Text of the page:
2017

How Do You Make People Care About Your Work—Even When Your Work Is Lofty, Intangible, and Abstract as F***?

May 4, 2017

I’m working with a client, right now, who wants to sell emotional intelligence. That’s the result you get when you work with her. EQ, instead of IQ. And emotional intelligence is actually really, really important. It’s one of the biggest predictors of success, believe it or not. She’s read the literature. I’ve read the literature. […]

In: How to Sell Yourself

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Aug 28

2017

“Hire Me” versus “Listen To Me”

Aug 28, 2017

If you’re a freelancer, there are two different power dynamics: Hire me! Please hire me! I’m shitting my pants, over here, because I’m depending on you entirely and I’ll do anything it takes, even work for peanuts, because I need you to take mercyyyyy onnnnn meeeeee. Listen to me. I’m great at what I do, […]

In: How to Sell Yourself

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I'm a Bad Influence on Women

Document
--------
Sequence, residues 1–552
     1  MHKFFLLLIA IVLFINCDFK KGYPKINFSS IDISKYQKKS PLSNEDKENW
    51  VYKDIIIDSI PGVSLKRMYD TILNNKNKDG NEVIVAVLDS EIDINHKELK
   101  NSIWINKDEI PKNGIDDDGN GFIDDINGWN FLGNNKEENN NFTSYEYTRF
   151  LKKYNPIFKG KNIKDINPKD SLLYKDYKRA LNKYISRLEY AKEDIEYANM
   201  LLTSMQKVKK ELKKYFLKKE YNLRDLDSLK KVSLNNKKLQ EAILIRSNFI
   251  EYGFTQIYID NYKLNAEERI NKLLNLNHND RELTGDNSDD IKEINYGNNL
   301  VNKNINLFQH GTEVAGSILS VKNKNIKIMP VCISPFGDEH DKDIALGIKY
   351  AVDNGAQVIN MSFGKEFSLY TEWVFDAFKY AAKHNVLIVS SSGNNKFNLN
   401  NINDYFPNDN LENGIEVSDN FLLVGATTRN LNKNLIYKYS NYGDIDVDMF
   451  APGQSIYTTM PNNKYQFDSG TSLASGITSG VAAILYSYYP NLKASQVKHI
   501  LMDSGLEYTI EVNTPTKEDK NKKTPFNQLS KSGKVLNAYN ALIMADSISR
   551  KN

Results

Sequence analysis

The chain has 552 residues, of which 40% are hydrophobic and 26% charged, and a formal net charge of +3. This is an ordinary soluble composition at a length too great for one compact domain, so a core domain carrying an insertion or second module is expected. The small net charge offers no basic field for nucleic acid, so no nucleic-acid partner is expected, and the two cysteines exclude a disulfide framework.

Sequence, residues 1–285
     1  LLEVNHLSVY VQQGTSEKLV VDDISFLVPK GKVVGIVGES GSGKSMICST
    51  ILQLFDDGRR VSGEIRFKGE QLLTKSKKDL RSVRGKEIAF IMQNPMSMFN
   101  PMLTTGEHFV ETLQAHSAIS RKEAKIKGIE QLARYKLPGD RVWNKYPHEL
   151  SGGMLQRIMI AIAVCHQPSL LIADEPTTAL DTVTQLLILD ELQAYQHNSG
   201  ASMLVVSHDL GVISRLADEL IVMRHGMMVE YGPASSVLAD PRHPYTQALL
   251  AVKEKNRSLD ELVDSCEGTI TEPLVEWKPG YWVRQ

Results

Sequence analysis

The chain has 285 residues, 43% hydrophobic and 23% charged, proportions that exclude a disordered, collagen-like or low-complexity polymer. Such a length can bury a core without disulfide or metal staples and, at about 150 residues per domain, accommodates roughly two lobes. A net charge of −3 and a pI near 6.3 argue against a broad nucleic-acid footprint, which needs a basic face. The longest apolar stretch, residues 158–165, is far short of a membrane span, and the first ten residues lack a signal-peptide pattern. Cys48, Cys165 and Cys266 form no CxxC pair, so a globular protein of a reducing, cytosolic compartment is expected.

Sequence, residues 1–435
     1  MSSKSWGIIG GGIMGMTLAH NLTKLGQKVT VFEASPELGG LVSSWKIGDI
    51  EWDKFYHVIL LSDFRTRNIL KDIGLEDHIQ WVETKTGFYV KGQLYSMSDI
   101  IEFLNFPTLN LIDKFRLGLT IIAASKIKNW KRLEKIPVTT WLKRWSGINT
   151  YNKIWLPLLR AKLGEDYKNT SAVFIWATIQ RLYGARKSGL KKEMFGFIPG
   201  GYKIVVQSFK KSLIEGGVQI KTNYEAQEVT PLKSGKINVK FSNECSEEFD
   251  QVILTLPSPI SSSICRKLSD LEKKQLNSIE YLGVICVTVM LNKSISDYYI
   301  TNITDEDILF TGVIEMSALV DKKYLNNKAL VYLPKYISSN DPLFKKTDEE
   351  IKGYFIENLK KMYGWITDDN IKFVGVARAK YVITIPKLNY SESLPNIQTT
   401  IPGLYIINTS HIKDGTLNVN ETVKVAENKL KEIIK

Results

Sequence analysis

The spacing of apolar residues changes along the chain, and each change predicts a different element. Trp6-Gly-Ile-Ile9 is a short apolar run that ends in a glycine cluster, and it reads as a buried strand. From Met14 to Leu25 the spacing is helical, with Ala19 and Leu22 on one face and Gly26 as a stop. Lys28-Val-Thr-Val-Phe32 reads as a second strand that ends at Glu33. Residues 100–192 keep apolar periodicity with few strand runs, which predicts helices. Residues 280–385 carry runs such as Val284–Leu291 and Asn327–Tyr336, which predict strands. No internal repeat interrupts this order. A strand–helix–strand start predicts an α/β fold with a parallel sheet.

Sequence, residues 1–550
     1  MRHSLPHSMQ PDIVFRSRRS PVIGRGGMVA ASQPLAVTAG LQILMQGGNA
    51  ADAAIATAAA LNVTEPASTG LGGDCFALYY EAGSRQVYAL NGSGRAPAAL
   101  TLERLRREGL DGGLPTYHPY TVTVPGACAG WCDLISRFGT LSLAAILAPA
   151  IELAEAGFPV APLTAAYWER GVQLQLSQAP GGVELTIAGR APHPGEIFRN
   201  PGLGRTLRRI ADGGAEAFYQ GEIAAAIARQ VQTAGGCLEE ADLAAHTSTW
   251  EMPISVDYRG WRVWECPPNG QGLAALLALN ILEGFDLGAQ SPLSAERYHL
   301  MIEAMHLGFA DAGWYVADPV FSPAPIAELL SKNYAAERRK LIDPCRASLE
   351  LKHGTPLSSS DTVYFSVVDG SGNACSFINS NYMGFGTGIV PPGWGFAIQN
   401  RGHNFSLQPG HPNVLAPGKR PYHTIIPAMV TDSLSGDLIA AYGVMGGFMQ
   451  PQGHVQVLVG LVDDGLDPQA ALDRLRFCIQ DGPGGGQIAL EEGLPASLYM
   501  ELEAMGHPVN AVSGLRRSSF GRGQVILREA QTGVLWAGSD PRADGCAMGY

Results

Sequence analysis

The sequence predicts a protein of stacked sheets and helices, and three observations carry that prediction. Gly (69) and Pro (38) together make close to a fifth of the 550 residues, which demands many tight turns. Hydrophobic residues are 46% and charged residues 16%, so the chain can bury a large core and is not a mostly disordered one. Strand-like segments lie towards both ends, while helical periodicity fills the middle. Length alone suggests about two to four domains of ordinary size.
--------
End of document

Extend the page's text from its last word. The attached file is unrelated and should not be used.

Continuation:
Hey, I’m Ash! Twenty years ago I was a small town girl growing up in a trailer park in rural Pennsylvania. Fifteen years ago, I lost my family and everything I knew right as I became the first to graduate college. Fourteen years ago, I found myself leaving everything behind for a new life in the city where I could be “normal.” Ten years ago I realized normal was the most disappointing thing that ever happened to me. Nine years ago I quit my job in advertising and pursued my dreams as a creative writer. Eight years ago, I built a 6-figure business doing what I love using nothing more than the Internet and my voice. And now, today, I’m the founder of The Middle Finger Project, an irreverent media co. that helps other women find their voice and teaches them to use it to build whatever the f*ck they want to. With a book coming out with Penguin Random House in February 2020 (YASSS, WE’RE A PRODUCT IN TARGET!) I’m proud to be a bad influence on women and guide them into doing something disobediently brave with their life and their career.